What can you do to help…

This weekend another athlete was killed while riding her bike.

I knew this athlete.

Her name was Jessica. I met her on the bike course of Florida 70.3 in 2018 before my crash. She was strong, funny, and so kind. She was a mom, a wife, a daughter, and an incredibly talented triathlete. She was on her last ride before heading to the Ironman World Championship next week when a driver killed her.

Dreams crushed, a husband left without a wife, and children left without a mother.


I am fed up. I can’t stand hearing about my friends getting killed or hurt on the roads for doing something they love or because they have to get to work.

If you are in a position to help, please do. Help amplify this message :

“WE ARE ALL PEOPLE. It does not matter what mode of transportation we choose. We all deserve to get from point A to point B safely. EACH and every time.

The only acceptable number is ZERO when it comes to traffic fatalities.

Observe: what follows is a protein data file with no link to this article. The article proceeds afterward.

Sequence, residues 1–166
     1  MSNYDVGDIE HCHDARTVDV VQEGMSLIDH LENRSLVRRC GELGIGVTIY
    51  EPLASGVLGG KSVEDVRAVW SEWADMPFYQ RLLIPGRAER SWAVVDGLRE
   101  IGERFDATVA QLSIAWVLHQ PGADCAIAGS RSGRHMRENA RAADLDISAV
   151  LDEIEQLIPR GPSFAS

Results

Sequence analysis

We need to start using the right words when speaking about traffic violence.

A car did not hit anyone on its own. A driver did.

It was not an “accident.” It was a crash.

The word “accident” takes away responsibility from the driver. It implies that it was something that couldn’t be helped rather than a person’s bad choice.

When we say someone was “hit by a car,” it does something similar. We remove responsibility from the driver. Suddenly the driver becomes non-existent in the equation. Instead, the blame is placed on an inanimate object.

Driving is a privilege, and we must acknowledge this every time we get behind the wheel and take responsibility for our actions.

Other countries have achieved Zero, and we are following a plan they have laid out that has worked. We have a commitment and over $6 billion from the current administration to make it happen.

In the meantime, people must change how they think about traffic fatalities. I feel that some people see these murders as a natural consequence of motorized mobility.

I would like to assure those people that this is not the case.

We will change the infrastructure to accommodate human error.

In the meantime, we need to become allies on the road.

We need to look out for one another.

It could be any one of us out there. It already was me in 2018, and I was one of the lucky ones. I am still here to tell my story. Jessica is not. Please do this for her and the other 42,915 people who died in motor vehicle crashes last year.